On December 21 of last year I joined the Tennessee Wild Meetup for Sandhill Crane viewing at the refuge. Fog shrouded the landscape and enfolded us. It cut visibility of distant parts of the refuge, but we saw cranes on both the near and far side of a small bay. Sounds enveloped us as they can on foggy days. The rattling call of cranes greeted our ears as flock upon flock flew across our field of vision. Many circled and landed as we watched. An immature Bald Eagle flew over as well.
We saw one Whooping Crane, cloud white against the gray Sandhill Cranes, and representing a species back from the edge of that abyss called extinction.
The rare Whooping Cranes called to mind a rarer species I once viewed on Cape Cod. I boarded a whale watch boat in hopes of viewing the antics of Humpback Whales. That hope was not realized, but I was lucky to see three Northern Right Whales. A pair of adults swam side by side, as a calf acrobatically rose out of the water and energetically waved its tail flukes and flippers.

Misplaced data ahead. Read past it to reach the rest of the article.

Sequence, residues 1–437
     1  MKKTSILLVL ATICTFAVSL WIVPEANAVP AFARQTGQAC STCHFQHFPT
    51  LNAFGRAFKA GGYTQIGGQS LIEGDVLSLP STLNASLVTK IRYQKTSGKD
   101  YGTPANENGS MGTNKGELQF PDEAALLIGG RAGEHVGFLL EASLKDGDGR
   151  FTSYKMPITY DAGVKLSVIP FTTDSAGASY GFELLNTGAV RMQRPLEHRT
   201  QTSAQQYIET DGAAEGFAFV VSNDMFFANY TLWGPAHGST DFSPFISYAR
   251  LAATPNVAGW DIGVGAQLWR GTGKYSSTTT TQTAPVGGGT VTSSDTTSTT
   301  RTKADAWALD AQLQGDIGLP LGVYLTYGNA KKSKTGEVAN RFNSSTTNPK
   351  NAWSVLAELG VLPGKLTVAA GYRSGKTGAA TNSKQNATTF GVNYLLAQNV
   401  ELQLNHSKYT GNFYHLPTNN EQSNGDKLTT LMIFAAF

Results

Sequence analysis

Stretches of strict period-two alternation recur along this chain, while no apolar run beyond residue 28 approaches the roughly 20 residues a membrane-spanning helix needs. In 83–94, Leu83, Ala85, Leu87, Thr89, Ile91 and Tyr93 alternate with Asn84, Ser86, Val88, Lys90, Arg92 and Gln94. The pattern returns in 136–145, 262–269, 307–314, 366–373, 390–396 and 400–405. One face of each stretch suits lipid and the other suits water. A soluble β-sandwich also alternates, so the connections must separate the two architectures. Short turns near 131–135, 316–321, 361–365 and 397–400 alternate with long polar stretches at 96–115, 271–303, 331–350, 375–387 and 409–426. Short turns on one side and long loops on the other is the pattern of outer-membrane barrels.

With only three hundred Northern Right Whales remaining, the three I saw comprised one percent of the world wide population. They became rare because they were easily hunted and easily retrieved. Whalers called them “the right whale to kill.”
Overhunting may have contributed to the demise of the Whooping Crane as well. Despite their rarity and protected status, Whooping Cranes were shot in Georgia and Texas the previous year.
The Sandhill Cranes we witnessed this day were once considered a rarity as well. Sandhill Cranes were rare enough in Aldo Leopold’s day that he was certain they would soon be extinct. His essay, “Marshland Elegy,” was his farewell to the cranes. Only careful management brought them back to the large and growing population that graces our wetlands and skies today. I hope we can see such success with the Whooping Crane and the Northern Right Whale.